Increase in connected trips, blurred lines between leisure and business travel, and an accelerated pace of change, a recent survey of decision-makers from airlines and travel agencies reveals how travel is different post-recovery from the pandemic.
Travel will return to pre-pandemic levels by the end of 2024, believe over a third of airline and agency leaders, according to a recent survey on the global travel industry.
The wide-ranging study, Mapping Travel’s New Normal, identifies prominent shifts in travel. It highlights the different focus areas for airlines and agencies as both sectors seek to capture opportunities for recovery and for future growth.
The study, commissioned by Sabre Corporation, a leading software and technology provider that powers the global travel industry, and carried out by Munich-based management consultancy Dr. Fried & Partners, involved both quantitative and qualitative research with 500+ decision-makers from airlines and travel agencies. Respondents were surveyed in eight languages across 20 countries in EMEA, APAC and the USA, along with in-depth interviews with selected industry leaders.
Participants were questioned about the COVID impact on their customers and their businesses, as well as the implications for the future of the travel industry. Key findings cover the differing priorities of airlines and agencies as both sectors prepare to address potential recovery opportunities and create new opportunities for growth, as well as differences in technological investment priorities by global regions. The findings include:
More than a third of airline and agency leaders participating in the survey indicated that they believe travel will return to pre-pandemic levels by the end of 2024; a further third responded that they believe this will happen in 2025 or beyond;
- Survey results indicate that “revenge travel” – with the objective of making up for lost time – is a meaningful phenomenon, with 68 per cent of travel leaders responding that they are forecasting a higher spend from consumers on their future travel plans;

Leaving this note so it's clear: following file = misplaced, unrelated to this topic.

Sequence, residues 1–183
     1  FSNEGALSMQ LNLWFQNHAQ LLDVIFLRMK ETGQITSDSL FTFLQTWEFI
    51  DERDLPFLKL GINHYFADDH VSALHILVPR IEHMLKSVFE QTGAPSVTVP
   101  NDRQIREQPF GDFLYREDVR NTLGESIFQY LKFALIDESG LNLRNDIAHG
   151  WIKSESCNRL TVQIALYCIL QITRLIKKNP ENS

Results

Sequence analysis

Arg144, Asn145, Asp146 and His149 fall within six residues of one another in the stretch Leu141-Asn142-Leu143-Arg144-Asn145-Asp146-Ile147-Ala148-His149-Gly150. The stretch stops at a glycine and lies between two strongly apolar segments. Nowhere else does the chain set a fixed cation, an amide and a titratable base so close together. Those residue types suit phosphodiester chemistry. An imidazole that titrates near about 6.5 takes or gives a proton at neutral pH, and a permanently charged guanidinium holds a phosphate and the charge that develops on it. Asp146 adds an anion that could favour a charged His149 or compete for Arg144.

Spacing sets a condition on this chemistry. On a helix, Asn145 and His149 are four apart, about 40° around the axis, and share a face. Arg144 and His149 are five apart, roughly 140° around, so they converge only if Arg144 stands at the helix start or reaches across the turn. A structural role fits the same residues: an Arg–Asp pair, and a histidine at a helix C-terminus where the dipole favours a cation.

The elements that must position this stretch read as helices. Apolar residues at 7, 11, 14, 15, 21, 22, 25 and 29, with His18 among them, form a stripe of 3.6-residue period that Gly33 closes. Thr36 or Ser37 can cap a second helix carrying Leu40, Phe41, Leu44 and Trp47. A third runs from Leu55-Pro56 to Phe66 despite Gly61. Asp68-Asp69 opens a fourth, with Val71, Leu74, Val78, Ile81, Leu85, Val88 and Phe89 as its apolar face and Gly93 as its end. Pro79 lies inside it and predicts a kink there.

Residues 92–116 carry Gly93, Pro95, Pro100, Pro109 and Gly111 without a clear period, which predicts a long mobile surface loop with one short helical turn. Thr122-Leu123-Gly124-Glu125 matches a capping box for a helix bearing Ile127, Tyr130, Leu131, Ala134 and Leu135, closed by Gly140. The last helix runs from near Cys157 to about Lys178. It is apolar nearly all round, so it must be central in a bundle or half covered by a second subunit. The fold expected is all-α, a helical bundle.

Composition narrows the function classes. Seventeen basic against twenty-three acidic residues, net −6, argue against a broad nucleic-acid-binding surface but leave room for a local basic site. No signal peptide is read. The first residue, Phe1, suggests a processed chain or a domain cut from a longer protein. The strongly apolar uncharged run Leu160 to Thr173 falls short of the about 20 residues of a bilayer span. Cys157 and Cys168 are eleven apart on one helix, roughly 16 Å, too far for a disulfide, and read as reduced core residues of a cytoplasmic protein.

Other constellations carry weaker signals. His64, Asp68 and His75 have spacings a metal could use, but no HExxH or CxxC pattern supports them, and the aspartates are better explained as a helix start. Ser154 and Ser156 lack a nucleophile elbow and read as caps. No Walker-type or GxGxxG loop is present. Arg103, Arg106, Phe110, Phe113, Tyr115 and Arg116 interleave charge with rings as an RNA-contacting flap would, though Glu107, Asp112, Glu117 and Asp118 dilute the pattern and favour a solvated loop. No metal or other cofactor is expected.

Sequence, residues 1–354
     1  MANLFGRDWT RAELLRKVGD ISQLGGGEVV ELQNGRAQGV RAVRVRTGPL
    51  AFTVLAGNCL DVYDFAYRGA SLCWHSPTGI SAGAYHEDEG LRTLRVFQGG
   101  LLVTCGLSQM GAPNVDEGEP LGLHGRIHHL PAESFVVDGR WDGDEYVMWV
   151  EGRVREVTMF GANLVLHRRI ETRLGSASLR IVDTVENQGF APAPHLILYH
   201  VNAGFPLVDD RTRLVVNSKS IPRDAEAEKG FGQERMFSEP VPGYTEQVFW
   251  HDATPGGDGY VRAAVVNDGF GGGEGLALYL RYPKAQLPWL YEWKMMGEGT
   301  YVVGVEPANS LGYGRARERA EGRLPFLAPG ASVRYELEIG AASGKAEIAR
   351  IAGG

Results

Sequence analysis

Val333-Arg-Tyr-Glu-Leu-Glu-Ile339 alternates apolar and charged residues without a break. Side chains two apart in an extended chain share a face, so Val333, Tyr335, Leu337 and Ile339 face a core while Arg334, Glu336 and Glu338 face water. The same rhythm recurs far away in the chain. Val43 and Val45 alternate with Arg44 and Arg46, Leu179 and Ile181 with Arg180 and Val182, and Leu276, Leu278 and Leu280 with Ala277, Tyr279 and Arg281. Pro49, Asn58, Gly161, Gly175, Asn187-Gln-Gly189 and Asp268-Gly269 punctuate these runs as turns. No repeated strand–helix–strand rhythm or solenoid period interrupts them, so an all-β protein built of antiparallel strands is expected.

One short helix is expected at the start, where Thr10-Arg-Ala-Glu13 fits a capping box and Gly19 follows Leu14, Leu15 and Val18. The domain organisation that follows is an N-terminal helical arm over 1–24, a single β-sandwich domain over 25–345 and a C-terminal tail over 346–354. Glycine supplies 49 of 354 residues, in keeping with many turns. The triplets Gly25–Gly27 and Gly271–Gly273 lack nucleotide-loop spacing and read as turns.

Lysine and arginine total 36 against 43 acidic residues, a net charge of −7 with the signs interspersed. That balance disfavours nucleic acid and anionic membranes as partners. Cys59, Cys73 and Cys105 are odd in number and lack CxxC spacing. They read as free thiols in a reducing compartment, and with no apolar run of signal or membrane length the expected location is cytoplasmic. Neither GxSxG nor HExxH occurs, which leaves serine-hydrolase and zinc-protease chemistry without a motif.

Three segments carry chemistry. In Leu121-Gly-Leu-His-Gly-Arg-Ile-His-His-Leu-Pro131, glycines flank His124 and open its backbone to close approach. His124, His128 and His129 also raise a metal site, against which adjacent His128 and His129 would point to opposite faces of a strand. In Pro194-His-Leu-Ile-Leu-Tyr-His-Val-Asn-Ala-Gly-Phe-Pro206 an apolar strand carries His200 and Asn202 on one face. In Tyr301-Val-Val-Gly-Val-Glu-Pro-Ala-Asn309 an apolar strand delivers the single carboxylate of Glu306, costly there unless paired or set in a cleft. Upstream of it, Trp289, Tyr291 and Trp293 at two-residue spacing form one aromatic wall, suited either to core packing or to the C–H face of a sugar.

- Travel leaders report that travellers are considering more decision factors than ever before committing to a trip;
- 82 per cent of airlines executives surveyed said that they expect the combination of business and leisure to be even more prominent;
- More than half of agencies surveyed responded that they are spending more time now looking into new tools, services and technologies; this is a particular area of focus in APAC, for 71 per cent of responding agencies;
- 92 percent of travel agencies surveyed indicated that they want the support of travel technology partners to create a more seamless experience in terms of shopping, booking and fulfilment, while 89 per cent said that they want useful tools to personalise travel;
- 96 per cent of airlines surveyed responded that they expect enhanced possibilities to offer growth opportunities and improved customer service and satisfaction scores.
Talking about the survey,Darren Rickey, Senior Vice President, Airline Global Sales and Accounts, Sabre, said, “One thing that struck us as we were carrying out the research was the unprecedented pace of change in the past few months. This, of course, presents an enormous opportunity, but it also puts strains on travel businesses who must adapt their plans, processes and operations to address these potential changes.”
Key trends identified by surveyed agencies in the new research include the importance of organised and connected trips to cut through travel complexities for customers; the ongoing prominence of domestic and regional travel and the challenges (and opportunities) for business travel recovery.
Meanwhile, for airlines participating in the survey, major trends identified include increasing consumer bookings protection; the growth of “bleisure” as a catalyst for potential corporate travel recovery and offering more sustainable flight options. The survey indicates that airlines are also focused on increasing domestic and regional routes as well as how new product formats such as organised and connected trips can help optimise recovery opportunities while creating personalised experiences for travellers.
“Our latest Sabre research has highlighted a degree of optimism across the travel ecosystem,” said Andy Finkelstein, Sr. Vice President, Global Agency Sales and Corporate Solutions, Sabre. “However, it also suggested that not all travel leaders may be ready for these potential changes if they happen quickly,” Finkelstein added.